The Success Of The Conjuring Trick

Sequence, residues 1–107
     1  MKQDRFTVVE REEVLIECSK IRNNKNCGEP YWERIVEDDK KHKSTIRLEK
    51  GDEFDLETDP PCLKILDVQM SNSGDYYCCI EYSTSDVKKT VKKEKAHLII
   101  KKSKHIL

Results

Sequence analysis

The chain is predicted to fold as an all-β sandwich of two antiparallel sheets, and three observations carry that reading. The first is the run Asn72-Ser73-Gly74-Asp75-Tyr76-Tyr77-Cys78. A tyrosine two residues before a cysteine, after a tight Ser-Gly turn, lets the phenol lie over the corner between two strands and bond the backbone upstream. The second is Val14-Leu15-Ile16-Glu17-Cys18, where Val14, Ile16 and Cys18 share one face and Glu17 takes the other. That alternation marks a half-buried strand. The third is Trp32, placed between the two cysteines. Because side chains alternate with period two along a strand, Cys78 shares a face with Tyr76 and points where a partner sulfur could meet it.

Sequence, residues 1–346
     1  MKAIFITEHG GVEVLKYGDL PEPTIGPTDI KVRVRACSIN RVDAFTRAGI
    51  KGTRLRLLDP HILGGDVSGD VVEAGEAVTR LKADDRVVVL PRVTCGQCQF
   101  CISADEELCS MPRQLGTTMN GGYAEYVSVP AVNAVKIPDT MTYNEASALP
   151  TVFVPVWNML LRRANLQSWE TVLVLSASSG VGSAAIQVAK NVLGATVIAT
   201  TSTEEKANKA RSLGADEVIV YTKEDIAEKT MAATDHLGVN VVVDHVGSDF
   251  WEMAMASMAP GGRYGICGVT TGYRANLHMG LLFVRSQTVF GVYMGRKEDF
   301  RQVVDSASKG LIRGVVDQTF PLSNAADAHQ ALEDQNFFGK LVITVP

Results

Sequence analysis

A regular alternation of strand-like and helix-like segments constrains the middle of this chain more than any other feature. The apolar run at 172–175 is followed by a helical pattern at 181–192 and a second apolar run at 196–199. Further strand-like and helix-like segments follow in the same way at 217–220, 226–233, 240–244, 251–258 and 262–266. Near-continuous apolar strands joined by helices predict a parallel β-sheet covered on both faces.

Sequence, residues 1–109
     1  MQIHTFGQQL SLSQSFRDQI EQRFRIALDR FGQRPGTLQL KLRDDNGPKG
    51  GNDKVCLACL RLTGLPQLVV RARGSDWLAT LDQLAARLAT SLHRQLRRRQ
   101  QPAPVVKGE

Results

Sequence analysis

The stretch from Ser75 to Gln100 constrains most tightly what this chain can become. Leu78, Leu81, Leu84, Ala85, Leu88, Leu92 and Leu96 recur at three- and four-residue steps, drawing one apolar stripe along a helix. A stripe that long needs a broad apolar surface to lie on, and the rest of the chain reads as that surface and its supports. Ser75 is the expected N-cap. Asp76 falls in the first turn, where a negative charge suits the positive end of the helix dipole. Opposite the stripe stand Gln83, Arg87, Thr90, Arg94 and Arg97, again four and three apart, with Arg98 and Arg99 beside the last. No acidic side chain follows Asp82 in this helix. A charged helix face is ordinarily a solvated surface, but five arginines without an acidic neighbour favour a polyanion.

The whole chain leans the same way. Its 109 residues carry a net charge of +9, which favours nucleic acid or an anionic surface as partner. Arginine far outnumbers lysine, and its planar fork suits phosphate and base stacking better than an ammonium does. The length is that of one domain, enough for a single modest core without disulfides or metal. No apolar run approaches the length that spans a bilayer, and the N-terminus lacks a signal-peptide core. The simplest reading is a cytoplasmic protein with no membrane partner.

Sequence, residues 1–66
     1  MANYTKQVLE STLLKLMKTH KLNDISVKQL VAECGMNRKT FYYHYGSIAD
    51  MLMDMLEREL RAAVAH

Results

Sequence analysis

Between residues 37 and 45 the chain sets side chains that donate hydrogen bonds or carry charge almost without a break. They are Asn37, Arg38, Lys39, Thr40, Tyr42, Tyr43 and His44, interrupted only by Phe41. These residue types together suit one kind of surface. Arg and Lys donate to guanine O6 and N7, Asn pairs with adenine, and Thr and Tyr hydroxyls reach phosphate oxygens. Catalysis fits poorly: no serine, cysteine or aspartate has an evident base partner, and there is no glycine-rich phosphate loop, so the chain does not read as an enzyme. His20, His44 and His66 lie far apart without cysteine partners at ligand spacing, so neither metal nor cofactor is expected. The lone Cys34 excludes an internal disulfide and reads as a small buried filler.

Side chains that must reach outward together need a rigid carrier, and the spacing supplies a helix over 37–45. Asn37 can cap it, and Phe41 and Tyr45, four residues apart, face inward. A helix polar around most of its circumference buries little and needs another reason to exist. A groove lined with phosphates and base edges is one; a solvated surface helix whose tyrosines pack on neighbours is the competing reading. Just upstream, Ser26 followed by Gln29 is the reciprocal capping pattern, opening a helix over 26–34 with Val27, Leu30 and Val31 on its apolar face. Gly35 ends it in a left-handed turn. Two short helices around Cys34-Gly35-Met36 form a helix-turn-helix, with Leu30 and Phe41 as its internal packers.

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The Success of the Conjuring Trick A conjuring trick is normally played between enemies or competitors. However, in Hamlet, the conjuring trick is plotted by a father in order to possess the soul of his son. The success of this conjuring trick is basically based on four elements which are the contemporary belief,the evilof the plotter, the victim’s circumstance, and the convincing evidences. Elizabethan age was the period when the tragedy of Hamlet occurred. Although, Elizabethan era was a Golden Age in English history, people in this periodstrongly believed in superstition which was concentrated in witches and witchcrafts. Patrick Collinson in Elizabethan Essayssays that “…it has been clear that an adequate account of Elizabethan religion must include the beliefs and practices associated with witchcraft, and the many forms of magic and astrology that both competed with ‘religion’, in the modern sense, and were coexistent with it” (223).For instance, Collinson states: “At Launceston a horse’s head was baptized, and in another place a whole dead horse was brought to receive the sacrament.” Such superstitions were believed as well as the interest in ghosts was increased during Elizabethan age were the element for the success of the conjuring trick made by King Hamlet Ghost. The Ghost knows so well about the belief of his people, especially his own son; that is why he is confident once he appears to Hamlet, he can lead Hamlet’s mind to serve for his evil purpose. The most
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